Three years later as I review this I remember the time and how desperate I was for relief.  I was such a mess emotionally that it started to affect me physically.  My stress was so bad that my heart wasn’t beating right so my lungs were filling with fluid and then I would get pneumonia.  Then I was diagnosed with asthma which also caused a few cases of pneumonia.  I was in and out of so many doctor’s appointments, and if you’re a caregiver you know how tired we are of doctor’s offices.  This is when I was so sick, and so depressed that I sincerely thought about taking my life.

I presented the lists to my doctor (who I respected), and she said (like she was talking about the weather) “you’re depressed.”  WHAT?  I literally said “I am the least depressed person you could ever meet.”  She said “that may be true, but you’re going through a lot of stuff and it’s manifesting itself as depression.”

recovery-24791320She wrote me a prescription for Effexor.  I left that office half shocked, half sad, half embarrassed, and half thrilled that she didn’t find anti-depressants for losers.  I secretly got it filled, and knew it could take several weeks to take effect.  Holy Cow, I started feeling better within days.  When I returned six weeks later I told her how much it was helping, but I was still struggling so she increased the dose and I improved even more!! This was the beginning of my recovery from depression.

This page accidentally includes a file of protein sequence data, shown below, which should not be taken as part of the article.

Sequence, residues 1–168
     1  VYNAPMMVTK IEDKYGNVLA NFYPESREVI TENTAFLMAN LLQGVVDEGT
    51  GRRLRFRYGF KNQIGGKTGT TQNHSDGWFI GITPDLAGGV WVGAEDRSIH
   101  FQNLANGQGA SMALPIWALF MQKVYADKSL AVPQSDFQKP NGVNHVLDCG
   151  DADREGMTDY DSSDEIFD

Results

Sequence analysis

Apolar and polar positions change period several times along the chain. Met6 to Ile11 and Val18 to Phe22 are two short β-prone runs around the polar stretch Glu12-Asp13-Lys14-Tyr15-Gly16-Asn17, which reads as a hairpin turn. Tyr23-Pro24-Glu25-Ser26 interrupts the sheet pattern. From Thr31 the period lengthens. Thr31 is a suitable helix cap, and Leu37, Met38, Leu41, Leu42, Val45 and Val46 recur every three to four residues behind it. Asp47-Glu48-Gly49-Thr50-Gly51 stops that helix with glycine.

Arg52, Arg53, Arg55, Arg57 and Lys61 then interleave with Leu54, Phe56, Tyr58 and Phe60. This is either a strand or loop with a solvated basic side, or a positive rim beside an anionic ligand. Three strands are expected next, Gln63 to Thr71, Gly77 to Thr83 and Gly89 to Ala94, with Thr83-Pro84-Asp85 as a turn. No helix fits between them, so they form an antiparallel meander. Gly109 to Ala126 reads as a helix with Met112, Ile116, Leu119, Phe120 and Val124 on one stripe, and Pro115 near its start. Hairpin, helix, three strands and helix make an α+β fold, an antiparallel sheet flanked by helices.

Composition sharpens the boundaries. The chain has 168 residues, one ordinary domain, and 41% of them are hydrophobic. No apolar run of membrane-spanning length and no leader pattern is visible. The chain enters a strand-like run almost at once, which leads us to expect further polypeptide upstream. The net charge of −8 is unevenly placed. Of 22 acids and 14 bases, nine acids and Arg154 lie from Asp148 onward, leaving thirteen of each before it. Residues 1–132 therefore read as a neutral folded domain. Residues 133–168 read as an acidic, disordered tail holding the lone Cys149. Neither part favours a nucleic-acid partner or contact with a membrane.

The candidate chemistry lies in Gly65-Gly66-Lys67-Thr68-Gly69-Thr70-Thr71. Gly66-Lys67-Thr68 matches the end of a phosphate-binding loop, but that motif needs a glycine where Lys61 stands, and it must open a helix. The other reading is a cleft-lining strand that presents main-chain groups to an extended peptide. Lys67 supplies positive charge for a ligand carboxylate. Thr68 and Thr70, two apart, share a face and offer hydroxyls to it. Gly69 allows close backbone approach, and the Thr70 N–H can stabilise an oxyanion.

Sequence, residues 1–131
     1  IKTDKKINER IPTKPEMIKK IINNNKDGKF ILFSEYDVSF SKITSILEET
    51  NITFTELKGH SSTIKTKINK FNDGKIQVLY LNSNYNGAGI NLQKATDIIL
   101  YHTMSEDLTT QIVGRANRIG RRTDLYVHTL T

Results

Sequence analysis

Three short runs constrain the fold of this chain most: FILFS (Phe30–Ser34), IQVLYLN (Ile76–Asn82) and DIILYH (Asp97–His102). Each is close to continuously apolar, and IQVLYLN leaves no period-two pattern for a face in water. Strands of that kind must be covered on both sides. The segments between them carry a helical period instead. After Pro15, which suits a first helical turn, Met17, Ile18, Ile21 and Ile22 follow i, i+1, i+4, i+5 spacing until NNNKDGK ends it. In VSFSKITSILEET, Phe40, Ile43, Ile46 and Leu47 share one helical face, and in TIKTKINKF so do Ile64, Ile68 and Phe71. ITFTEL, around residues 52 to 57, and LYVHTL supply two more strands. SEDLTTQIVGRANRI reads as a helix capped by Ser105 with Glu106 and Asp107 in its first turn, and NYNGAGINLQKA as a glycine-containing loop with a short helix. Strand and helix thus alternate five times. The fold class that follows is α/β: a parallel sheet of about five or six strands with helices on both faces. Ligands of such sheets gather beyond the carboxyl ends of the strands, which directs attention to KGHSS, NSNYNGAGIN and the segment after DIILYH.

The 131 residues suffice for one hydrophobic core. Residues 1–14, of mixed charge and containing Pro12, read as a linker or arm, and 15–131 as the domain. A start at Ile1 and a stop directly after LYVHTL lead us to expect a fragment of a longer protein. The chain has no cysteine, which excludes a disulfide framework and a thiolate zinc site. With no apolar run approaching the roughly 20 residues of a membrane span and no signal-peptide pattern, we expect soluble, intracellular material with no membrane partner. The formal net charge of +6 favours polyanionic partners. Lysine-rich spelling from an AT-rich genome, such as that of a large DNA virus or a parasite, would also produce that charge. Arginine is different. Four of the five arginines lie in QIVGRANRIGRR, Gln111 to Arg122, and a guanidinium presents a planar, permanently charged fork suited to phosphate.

I then started going to a psychiatrist to be able to adjust medications to get the maximum help that I could.  I remember her stopping me and saying “Jill, you have been here for 40 minutes and I’m exhausted (giving her a run down on all that was going on in my life).  You have more on your plate right now than any patient I have ever seen.”

relax-stress-28972659Today, October 2013, I am still fighting depression, but it is manageable.  I have identified a lot of activities that keep me going, events that I find purpose from.  I still have a long road ahead of me, but at least I have help and I can think clearly enough to make sound choices and keep moving forward.

I am hoping in sharing this that other caregivers will be able to see that it’s ok to ask for help, to not be embarrassed/ashamed, to take medication, to take a break….  Cargiving takes a toll on the human body. So much so that often the caregiver passes before the ill spouse.  Reach out to your doctor, heck – reach out to me (send a private message).  Just please don’t continue to suffer.

2 thoughts on “Caregivers Dealing with Depression

  1. Jill,
    THANK YOU!
    I’m trying hard not to cry as I type this. Thank you for being open about your depression! It’s only by fighting the stigma that people will start getting the help they need. I’m so glad you are feeling better! There’s so much available now to those of us who battle depression. There’s absolutely no need to suffer alone anymore. Again, thank you!

  2. What I HATE is there are other people that have felt, or do feel, the way I did when I was so darn low. I have to admit it took me a while to be able to post that because I’m still a little sensitive to the stigma – but that’s why I’m doing this. I know how lifting it was when I found other people that knew exactly what I was going through having my spouse chronically ill. If it is only you that I touch with this site…it was worth it. I let someone know that they are not alone.